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Discussion Starter · #1 ·
I have a Beretta CX Storm in 9mm. It's neat little carbine.

I've read about how powder burns in longer barrels, etc, but I do not really have a clear understanding of that or really how the pistol caliber carbines differ from pistols, other than barrel length.

Would a 124gr +P work be a good choice? Or would a standard velocity 124gr or 147gr. be a better choice. I think 147 used to be the choice in some carbines.

This little rifle functions with everything.

Thanks so much for the advice.

Adguy: I added Ammo to your thread Title to avoid confusion, hope you don't mind. Bob
 

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adguy,

Most of my 9mm "carbine" work has been with SMG's and SBR's...basically short submachinegun barrel lengths. Say 8" or so.
The 147 really rules. It was developed for accuracy and subsonic/suppressed weapons usage. It excells at that and that is what I would recommend.
My Uzi and Mini-Uzi shoot one hole groups at 25 yards with these loads...and about anything you care to stuff in them.

Wes
 

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Discussion Starter · #3 ·
Thanks, Wes.
I think the Beretta has a 16 inch barrel.
I have used the 147gr. Gold Dot in my Hi Power.
 
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A better choice for what ?,,,, neither would be a good choice for elephants, anything reliable and accurate would be good for cardboard. The fact that you dont reload makes powder burn rates irrelevant because you get what the manufacturers load. A reloader trying to do different things with the bullet will pick different powders within the window of reccommended powders for that cartridge. For instance if I have a 4" 9mm and shoot alot of night or lowlight matches I'll use a very fast powder to minimize flash. If I had a carbine that I wanted max velocity out of I would figure a powder on the slow side would do that because the longer barrel would give the powder time to burn and convert that into bullet velocity
 

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Howdy Mr. Adguy,

I am going from memory here, but about 15+ years ago I attended a training course by my agency to be blessed to qualify co-workers with the MP-5 SMG. Our ballistics expert in our national firearms unit had done testing and ballistic work ups with all the 9mm rounds we issued or allowed for issuance at that point in time. We issued at least one standart 124 JHP, one +P 124 JHP, and a standard 147 JHP.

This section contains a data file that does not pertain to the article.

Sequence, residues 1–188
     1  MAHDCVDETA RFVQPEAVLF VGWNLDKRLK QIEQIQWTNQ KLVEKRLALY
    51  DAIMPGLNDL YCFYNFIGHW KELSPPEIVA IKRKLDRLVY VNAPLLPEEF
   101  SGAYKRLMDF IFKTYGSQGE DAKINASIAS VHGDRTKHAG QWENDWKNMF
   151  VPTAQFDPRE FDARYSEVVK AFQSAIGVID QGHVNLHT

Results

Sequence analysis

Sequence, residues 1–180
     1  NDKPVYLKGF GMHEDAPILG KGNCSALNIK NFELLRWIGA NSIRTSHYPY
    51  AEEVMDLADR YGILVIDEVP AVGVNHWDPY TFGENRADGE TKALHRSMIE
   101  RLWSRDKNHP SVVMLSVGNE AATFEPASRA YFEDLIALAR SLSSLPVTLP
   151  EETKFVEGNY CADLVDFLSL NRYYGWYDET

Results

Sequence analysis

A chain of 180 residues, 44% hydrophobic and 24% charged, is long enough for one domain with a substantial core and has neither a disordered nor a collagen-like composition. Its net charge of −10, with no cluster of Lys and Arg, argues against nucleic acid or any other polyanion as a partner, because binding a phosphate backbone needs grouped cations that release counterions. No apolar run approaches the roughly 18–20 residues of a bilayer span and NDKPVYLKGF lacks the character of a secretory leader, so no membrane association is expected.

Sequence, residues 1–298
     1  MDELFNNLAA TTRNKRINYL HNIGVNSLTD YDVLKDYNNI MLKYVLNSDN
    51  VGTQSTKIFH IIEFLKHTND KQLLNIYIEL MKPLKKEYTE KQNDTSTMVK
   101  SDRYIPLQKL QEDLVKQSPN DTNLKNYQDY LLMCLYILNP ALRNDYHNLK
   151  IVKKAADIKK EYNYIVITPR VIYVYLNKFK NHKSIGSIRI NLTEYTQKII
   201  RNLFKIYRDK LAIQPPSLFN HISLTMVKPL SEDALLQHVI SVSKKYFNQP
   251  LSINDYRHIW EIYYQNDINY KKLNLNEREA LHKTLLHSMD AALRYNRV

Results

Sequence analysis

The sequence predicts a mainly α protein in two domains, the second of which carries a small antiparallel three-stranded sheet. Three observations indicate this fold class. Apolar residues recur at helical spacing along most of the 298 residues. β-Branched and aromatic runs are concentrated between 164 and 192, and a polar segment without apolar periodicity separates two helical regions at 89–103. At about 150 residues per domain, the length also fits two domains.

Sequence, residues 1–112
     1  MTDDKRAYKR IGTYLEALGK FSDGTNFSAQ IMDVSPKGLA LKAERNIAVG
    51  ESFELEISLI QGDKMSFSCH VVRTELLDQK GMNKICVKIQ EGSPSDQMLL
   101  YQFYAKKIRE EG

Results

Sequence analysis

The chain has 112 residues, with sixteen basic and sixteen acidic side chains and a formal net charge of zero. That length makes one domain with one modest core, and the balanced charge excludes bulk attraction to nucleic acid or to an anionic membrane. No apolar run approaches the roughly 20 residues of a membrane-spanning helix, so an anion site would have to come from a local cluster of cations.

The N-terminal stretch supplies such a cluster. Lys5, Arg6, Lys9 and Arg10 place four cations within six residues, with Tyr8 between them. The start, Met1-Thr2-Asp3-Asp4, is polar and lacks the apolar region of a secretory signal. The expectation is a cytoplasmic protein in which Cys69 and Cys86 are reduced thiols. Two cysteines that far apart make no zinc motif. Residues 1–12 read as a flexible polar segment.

His work up concluded when using the 147 JHP (I think it was Winchester Ranger then) to sight the MP-5 in with, a 25 yard zero would produce a 100 yard zero as well, which was what my agency considered its maximum effective range to be.

Since I controlled the office ammo and issuance of the MP-5 to co-workers, initially I issued the 147 JHP for duty use, quals and practice with that platform. Over time we selected other duty rounds in 9mm, and were issued the Speer Gold Dots in 124 standard and +P, and the +P+ 115. We quickly discovered that the 115 +P+ was damaging the roller bearings in the MP-5s, and stopped allowing the +P+ for duty use in any platform.

Using either of the 124 Gold Dot loads and the 124 +P Remington GS, we had no problems with the MP-5s, which if I recall correctly, our model has a 9" barrel. I have no problems using the 124 JHPs, but my preference would also be for the 147 JHP. I think you get increased accuracy and velocity from the longer barrel, so I prefer to send a bit more lead downrange when possible too. Just my thoughts, and I hope they might help you a bit anyway.

twoguns
 

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Howdy there. I'm another 9mm Cx4 carbine shooter.

Is it the case that for shooting at 100 yards or so a 147grain bullet might be better than a lighter bullet? Does anyone know whether wind effects lighter weight 9mm bullets more?

I'm reading this thread with considerable interest. In my experience all bullet types have worked well *if* factory magazines are used. Once I deliberately tried to make the carbine jam and found that *if not* a factory mag, then blunter bullet shapes and larger diameter cavity hollow points can fail to feed. Ball rounds and more of an ogive shape work really well.

I might repeat that the literature on Winchester 127grain JHP +P+ LEO round specifically rules out using it in longarms.

--d.
 

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Howdy Mr. Dave,

I am sure no expert, and no one will ever hear me claim to be, lol. But I can share what little I know and think. As Mr. Wes pointed out, the original 147gr JHP was developed for the Navy SEALS to fire in suppressed SMG platforms. It was subsonic to reduce the "crack" and gave it a bit more weight on target.

I was fairly close with our ballistics man and he told me the reason he liked the 147gr in the MP-5 was the fact the round was dead on at both 25 and 100 yards. He felt because of that, anything in between the two distances would remain close enough for govt work, so to speak. At ranges less than 25 yards, precise sight alignment would not be as much an issue anyway.

As far as wind resistance issues, personally, I simply don't think in a normal breeze (however that would be defined) the difference between say a 147, a 124, or even a 115 would be worthy of concern. I simply think our man liked the 147 gr in the MP-5 as he had previously worked for HP White Labs and had some involvement in the original 147gr JHP concept. He felt it was good initially, and things had not really changed his mind. But as more effective 9mm rounds such as Gold Dots were developed, he was smart enough to realize there were other good rounds to be considered too.

Not really a precise answer to your question sir, but I hope it helps a bit anyway.

twoguns
 
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